Imaging Prostate Cancer
Posted: Nov 01, 2018
POSTED: June 12, 2020
Discussions on health care issues are dominated by Covid-19: this tends to happen during a pandemic that has caused so many deaths. What has been the impact of this pandemic on the treatment of patients with prostate cancer?
In this issue, we interview physicians in academia and private practice in the United States and Great Britain.
Several common themes emerge from these interviews. For many patients, treatment of prostate cancer has been delayed or otherwise altered. This is theresult of resources, such as hospital facilities, being commandeered for treatment of the virus. It is also true that many medical procedures have been shown to aerosolize the virus and increase the odds of virus transmission. There have also been limitations placed on patient-physician face-to-face contact. This has been necessary to protect both physicians and patients from exposure to the virus: the typical waiting room is a situation favoring spread of highly infectious agents like Covid-19.
There seems little question that the delay in prostate cancer treatment will have a negative impact on cancer control, especially for those patients with aggressive cancer. The same issues are impacting the treatment of patients with other cancers as well as patients with other diseases, like cardiovascular disease.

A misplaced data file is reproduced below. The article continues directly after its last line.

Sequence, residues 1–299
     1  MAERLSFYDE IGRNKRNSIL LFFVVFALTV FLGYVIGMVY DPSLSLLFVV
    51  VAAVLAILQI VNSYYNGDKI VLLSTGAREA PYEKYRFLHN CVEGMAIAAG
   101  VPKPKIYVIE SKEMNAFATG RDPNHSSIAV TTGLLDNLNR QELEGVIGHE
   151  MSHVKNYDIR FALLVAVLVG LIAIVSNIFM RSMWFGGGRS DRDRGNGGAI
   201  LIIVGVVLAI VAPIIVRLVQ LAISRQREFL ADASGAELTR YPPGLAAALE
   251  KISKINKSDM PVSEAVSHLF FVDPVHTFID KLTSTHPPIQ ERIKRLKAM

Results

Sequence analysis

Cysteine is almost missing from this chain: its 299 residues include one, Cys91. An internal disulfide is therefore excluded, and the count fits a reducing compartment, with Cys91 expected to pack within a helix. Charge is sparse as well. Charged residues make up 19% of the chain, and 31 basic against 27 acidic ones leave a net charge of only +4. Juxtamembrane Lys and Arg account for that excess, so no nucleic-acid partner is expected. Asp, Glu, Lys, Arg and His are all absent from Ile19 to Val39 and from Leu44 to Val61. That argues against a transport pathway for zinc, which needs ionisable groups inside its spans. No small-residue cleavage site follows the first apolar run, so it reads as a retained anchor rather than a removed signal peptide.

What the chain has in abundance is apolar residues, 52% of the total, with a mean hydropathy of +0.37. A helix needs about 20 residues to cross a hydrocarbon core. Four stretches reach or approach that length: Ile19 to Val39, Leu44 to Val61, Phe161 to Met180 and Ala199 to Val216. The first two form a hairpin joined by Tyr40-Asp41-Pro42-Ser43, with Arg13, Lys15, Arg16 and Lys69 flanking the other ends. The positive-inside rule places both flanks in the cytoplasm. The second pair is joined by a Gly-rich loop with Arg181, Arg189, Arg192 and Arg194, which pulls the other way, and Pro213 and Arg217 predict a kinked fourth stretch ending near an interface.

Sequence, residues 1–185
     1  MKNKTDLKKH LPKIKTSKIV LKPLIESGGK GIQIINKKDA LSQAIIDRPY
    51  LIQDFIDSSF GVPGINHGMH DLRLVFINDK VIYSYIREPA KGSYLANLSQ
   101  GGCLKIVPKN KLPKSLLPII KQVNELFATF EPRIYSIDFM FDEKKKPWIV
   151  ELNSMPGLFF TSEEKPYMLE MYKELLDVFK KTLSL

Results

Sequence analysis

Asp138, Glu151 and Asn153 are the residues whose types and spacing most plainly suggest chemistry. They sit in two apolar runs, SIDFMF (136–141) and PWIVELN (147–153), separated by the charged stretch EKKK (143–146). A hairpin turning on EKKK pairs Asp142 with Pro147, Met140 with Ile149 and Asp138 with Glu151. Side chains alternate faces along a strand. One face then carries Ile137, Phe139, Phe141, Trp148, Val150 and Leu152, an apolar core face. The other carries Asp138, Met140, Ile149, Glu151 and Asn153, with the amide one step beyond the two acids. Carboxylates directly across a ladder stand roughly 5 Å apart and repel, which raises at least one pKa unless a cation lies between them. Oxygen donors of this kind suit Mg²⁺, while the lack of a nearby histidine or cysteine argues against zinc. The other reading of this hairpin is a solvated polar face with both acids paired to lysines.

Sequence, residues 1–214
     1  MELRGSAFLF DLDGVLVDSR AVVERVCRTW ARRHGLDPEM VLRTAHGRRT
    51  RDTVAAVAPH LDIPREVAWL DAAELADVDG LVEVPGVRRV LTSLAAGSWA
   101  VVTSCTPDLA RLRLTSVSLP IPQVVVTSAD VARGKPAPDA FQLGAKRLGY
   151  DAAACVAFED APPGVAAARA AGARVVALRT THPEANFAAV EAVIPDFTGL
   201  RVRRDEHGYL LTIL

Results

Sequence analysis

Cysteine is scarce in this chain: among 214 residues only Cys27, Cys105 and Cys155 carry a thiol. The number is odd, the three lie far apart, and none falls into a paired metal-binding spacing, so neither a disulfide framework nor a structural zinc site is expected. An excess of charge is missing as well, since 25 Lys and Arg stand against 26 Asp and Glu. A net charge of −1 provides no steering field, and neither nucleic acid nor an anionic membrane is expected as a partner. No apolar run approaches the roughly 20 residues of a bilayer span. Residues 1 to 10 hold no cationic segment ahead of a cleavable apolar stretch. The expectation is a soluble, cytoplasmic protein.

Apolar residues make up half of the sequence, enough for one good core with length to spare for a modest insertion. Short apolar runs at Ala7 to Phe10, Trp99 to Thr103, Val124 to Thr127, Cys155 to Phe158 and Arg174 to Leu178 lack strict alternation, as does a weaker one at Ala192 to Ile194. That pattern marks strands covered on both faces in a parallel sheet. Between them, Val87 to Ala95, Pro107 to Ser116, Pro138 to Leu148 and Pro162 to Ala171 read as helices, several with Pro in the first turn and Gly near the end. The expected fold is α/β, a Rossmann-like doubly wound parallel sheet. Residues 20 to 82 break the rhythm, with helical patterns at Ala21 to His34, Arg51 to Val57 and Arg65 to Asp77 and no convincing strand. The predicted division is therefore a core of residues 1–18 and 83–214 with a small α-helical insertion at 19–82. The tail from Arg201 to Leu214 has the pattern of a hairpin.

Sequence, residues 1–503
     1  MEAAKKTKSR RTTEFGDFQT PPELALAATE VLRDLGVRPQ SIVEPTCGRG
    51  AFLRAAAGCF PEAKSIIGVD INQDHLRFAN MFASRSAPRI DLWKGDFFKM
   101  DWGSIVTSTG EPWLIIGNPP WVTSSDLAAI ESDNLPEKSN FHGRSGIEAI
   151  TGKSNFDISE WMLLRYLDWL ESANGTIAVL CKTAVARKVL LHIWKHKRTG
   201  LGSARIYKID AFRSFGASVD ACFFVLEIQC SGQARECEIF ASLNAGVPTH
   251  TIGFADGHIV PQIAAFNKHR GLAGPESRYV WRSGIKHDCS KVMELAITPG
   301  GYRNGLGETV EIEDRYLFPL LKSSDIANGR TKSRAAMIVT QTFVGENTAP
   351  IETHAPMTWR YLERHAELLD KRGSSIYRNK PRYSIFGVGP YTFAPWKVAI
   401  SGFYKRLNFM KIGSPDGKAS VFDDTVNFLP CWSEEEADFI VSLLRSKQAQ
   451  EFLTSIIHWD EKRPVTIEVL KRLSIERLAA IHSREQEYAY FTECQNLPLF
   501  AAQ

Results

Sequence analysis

The impact of this pandemic is not all bad. As each interviewee notes, telemedicine has become widely used as a substitute for the traditional office visit. This is a favorable change, because many medical issues can be more efficiently dealt with via telemedicine. For the patient, it eliminates the cost and time spent going to and from the doctor’s office. For the physician, it results in costs associated with office personnel and facilities. It seems very likely that telemedicine will remain more widely used after this pandemic has subsided.
The key question we need to ask is whether we can take the lessons learned during this pandemic to do a better job the next time? In terms of science, medicine and public health, the answer is clearly that we will come out of this with knowledge that can allow us to do better. The real issue is whether we will have the political will to do so.